Thursday 12 May 2022

Covid Pickings


Flash Fiction is usually confined to under 500 words. I'm fond of the genre because I don't have the energy, usually, for longer narratives. Here's one, literally picked up in the park...

She takes it personally. The fact that Rory’s mother goes to all the trouble of sticking that white label, with Rory’s name etched in upper case in indelible ink, on Rory’s water bottle for the match, in the event of Rory’s pre- or post-match thirst, and that not only does Rory chuck the labelled bottle on the pitch, post-match, but doesn't even drink the water. And that Niamh or Jack or Susie shed their jackets like scales around the park every weekend. That one of them manages to forget one of his/her shoes. That another one brings a can of dog food for Rover and, once emptied, tosses it under the park bench. That their orange peelings dot the grass like miniature aliens. Don’t they know how long it takes orange skin to decompose? And that paper cups and pizza boxes clog up public bins and cause litter jam. And there’s Rover’s poo bags, sometimes the poo, let’s not even go there! And she piles the football match cones that they forget to return outside the club house for next weekend’s match


Some of the water bottles, unlike Rory’s, are keep cups or whatever they call them, the term keeps changing, but metal and expensive and meant to be reused and not relegated to land fill. Not to mention the items shed by their older siblings- the empty beer cans, bottles and cigarette packs, student IDs, condoms and clothes, let’s not go there either...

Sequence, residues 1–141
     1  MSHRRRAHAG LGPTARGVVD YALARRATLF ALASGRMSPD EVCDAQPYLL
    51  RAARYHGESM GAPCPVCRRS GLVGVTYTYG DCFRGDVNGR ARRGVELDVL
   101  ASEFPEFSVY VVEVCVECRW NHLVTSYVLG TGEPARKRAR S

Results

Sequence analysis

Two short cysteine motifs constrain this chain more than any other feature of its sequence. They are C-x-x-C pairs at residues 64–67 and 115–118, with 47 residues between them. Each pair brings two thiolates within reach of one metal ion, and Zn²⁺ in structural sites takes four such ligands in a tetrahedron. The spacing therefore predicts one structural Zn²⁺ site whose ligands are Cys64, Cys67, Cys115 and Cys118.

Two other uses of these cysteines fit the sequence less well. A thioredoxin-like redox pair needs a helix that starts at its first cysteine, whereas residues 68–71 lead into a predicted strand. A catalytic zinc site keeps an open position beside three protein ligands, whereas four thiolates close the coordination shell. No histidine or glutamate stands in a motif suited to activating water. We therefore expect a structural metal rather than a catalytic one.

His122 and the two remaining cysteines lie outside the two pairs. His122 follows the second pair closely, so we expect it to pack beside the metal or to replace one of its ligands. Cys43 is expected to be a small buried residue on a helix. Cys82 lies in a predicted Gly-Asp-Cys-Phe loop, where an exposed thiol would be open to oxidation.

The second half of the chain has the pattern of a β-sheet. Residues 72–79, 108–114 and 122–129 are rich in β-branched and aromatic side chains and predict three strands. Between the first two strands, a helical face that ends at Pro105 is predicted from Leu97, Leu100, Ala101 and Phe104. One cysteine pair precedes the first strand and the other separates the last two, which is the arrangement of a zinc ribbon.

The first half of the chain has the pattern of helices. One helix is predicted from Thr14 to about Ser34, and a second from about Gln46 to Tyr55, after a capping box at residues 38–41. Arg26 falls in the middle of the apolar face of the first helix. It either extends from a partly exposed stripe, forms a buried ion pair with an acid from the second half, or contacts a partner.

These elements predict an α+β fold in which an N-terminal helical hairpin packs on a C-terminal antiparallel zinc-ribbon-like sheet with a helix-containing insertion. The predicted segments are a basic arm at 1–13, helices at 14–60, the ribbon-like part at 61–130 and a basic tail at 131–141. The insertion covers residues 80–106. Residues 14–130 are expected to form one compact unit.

From time to time and not often enough she finds money. She tried a Sum of Money Found notice in the corner shop once, but they all claimed it. So if it’s small change she lights candles in the church to Oscar Romero, newly canonised champion of the poor and dispossessed, and if a note, she uses it to buy more plastic bags.


They asked her once if she ever found anything interesting. She immediately thought of the turquoise painted stone. It was a movement at the time- people all over the country painting stones and hiding them for anybody to find, a way of connecting when touch was considered to be a National Health Hazard.

East Coast Rocks. Keep me or rehide. Please post a pic.

She kept it and posted and reached out and touched Mary in Arklow.



And then there’s the people who do stop, despite government guidelines, to say, “Thanks Missus, you’re doin’ a great job!”  Or give her the thumbs up from a distance of two metres.


And as she picks up after them she recalls how she used to roam through fields at the back of Union Place or Quarry Lane, playing some game whose rules she didn’t understand, chased by boys who never intended to catch, dropping memories like stones as she ran, and now sixty years on re-finding them as she makes her way back home.


Copyright 2022 Cathy Leonard All rights reserved.


  1. Rory will have some explaining to do if his mother ever reads this!

  2. There's a good chance that she won't!